The lack of data cited by the survey respondents refers to either insufficient amounts of data that can effectively train and maintain machine learning and AI models and applications in the enterprise or, in the case of streaming data, data quality issues. Adopting an event-driven data strategy with stream processing and Apache Flink allows companies to make better sense of their data. It allows companies to transform data and enrich it in real time whilst gathering valuable insight from events as they are generated from systems, connected devices or website and mobile application interactions; this is contrary to storing them in a data lake to then try and make sense of what happened retrospectively. Stream processing with Apache Flink enables companies to react to information in real time, making artificial intelligence models and applications iterative and responsive to how the world currently responds to change.

The skills gap seems to be a common denominator for the adoption of both AI and stream processing in the enterprise. The same O’Reilly study finds that demand for machine learning experts, data scientists as well as data and infrastructure engineers, is one of the most cited reasons that block AI’s adoption in many organisations. In order to alleviate this, organisations need to take the appropriate action and transform their organisations and teams both at a technical and a cultural level. Adopting AI, or stream processing requires investing in people’s skillset, training and embracing a ‘sharing’ culture across the organisation, whereby data silos are minimised and data is accessible by multiple teams working on different projects and applications — thus significantly reducing the time-to-market and successful deployment.

The remaining two obstacles preventing the adoption of Artificial Intelligence in the Enterprise, relate to company culture and lack of identified use cases. As with any new technology, data and analytics leaders need to embrace an open and inclusive culture in their teams, challenge the status quo and find ways of leveraging the teams potential to achieve outcomes faster and in a cost-effective manner. Stream processing and AI can become a catalyst for organisational change in the IT and data departments: one that moves away from data silos and hierarchical structures and brings together the data, operations and product teams to significantly reduce the time needed to produce real time applications, AI and machine learning models or deep learning algorithms.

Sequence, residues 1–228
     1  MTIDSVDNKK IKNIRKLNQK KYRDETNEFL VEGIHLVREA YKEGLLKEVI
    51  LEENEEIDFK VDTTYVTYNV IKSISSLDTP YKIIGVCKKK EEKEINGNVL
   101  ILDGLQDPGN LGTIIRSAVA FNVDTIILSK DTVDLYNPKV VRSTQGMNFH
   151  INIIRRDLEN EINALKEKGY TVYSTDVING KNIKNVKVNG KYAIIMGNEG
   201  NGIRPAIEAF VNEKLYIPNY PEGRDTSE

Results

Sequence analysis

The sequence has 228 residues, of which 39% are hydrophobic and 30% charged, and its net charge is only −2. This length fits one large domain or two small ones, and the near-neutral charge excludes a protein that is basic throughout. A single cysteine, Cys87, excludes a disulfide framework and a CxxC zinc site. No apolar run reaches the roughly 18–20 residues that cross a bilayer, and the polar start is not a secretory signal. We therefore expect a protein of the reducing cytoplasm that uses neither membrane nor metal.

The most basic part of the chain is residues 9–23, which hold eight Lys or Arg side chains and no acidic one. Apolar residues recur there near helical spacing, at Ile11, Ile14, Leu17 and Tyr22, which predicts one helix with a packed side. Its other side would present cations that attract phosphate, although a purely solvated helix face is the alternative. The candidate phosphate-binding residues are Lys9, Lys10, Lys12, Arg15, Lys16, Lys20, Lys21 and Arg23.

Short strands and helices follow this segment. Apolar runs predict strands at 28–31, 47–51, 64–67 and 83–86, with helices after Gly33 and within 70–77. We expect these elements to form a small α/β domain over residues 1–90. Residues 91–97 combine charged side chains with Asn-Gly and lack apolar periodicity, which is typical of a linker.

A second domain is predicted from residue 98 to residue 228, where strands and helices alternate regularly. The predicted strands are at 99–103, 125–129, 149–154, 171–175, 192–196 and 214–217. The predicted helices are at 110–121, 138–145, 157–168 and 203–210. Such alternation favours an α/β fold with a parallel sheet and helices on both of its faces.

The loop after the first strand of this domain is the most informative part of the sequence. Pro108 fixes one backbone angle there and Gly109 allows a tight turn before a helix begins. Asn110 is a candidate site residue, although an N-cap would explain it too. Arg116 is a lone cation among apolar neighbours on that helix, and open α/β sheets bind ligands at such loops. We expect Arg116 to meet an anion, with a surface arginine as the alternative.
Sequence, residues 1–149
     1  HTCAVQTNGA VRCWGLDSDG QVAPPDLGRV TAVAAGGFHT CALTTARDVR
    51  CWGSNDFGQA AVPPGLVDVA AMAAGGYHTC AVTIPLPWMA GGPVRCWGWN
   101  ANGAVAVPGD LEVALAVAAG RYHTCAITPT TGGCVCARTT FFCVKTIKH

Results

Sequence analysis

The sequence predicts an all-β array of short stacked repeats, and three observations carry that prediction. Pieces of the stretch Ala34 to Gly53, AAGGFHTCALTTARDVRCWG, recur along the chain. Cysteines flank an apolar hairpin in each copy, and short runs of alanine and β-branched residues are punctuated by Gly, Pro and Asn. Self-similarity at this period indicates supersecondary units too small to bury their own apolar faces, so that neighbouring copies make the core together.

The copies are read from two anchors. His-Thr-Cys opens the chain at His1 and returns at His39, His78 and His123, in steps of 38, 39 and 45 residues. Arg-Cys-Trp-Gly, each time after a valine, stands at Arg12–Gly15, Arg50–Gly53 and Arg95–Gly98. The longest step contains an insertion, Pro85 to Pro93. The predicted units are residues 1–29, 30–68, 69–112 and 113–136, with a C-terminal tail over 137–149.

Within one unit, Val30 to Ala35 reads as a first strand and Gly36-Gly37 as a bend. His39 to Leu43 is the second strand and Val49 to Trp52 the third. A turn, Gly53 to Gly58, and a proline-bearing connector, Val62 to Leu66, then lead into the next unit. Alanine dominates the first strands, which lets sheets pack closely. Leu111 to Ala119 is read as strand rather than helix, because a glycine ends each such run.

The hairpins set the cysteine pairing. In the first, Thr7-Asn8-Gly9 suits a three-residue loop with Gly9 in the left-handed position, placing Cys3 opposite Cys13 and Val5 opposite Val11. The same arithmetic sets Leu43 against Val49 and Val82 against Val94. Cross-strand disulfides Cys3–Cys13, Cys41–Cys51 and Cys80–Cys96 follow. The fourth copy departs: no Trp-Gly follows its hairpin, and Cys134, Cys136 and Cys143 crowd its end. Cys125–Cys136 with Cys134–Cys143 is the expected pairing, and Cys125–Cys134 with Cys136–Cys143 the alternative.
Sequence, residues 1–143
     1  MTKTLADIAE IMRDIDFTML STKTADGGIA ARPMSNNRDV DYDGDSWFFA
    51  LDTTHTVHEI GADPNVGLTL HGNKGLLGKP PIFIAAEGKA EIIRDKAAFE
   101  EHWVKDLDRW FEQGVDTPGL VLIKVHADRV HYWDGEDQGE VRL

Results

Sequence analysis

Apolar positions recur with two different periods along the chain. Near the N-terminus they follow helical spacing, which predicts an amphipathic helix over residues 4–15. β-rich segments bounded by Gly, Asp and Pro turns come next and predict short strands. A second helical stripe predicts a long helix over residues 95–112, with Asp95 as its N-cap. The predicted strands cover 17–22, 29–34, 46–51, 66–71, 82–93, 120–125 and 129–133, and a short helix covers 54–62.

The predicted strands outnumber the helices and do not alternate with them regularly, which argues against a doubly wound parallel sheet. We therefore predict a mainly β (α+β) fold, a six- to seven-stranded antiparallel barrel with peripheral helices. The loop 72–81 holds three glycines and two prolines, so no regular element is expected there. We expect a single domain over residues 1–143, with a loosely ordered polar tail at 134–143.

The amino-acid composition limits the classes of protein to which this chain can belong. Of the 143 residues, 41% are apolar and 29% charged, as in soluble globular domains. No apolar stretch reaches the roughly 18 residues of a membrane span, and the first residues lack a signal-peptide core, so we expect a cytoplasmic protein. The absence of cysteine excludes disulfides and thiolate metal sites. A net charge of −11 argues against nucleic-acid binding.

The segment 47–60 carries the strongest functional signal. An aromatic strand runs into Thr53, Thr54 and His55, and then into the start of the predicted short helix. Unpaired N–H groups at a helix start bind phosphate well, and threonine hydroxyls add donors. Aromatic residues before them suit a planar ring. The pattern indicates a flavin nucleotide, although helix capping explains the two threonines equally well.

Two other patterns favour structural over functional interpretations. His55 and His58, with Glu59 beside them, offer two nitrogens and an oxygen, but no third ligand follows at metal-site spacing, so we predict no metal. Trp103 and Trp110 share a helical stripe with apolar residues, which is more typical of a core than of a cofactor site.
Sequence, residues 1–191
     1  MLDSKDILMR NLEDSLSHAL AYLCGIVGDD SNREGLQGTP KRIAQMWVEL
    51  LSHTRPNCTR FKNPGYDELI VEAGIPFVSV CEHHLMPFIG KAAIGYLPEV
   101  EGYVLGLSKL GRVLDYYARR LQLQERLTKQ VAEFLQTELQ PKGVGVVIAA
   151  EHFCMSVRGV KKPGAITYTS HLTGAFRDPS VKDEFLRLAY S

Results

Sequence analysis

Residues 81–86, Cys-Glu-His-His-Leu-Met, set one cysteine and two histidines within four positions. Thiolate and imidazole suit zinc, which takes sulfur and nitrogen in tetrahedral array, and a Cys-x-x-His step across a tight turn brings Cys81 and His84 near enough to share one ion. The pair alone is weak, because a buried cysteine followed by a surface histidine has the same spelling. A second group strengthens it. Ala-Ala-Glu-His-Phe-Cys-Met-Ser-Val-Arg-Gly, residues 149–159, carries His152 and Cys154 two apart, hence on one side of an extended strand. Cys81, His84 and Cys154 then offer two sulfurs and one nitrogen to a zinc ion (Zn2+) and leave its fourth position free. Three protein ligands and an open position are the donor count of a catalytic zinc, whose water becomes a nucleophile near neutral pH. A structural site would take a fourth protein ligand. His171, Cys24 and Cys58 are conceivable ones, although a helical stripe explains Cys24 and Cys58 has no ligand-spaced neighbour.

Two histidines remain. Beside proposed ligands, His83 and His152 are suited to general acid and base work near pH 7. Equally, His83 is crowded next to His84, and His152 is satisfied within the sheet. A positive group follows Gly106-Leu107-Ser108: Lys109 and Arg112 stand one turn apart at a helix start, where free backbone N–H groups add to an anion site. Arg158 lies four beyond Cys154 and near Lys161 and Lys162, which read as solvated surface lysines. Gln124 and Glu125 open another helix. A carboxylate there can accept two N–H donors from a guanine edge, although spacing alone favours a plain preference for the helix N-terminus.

As Artificial Intelligence adoption grows over time, identifying relevant use cases for the technology will become easier. Companies are reportedly using AI to power their customer service operations as well as other applications and use cases in finance, accounting, marketing, advertising and last but not least, R&D operations and projects. Data and analytics leaders should focus on finding the right talent that can identify use cases for both real time data and AI and drive these projects forward, enabling the business to keep up with, and even stay ahead of, the competition.

Seth Wiesman, Senior Solutions Architect, Ververica
Image Credit: Geralt / Pixabay

Seth Wiesman is a Senior Solutions Architect at Ververica, consulting clients to maximise the benefits of real-time data processing for their business. He supports customers in the areas of application design, system integration and performance tuning. Prior to joining Ververica, he was a Data Engineer on the reporting team at MediaMath and has a Masters in Computer Science from the University of Missouri.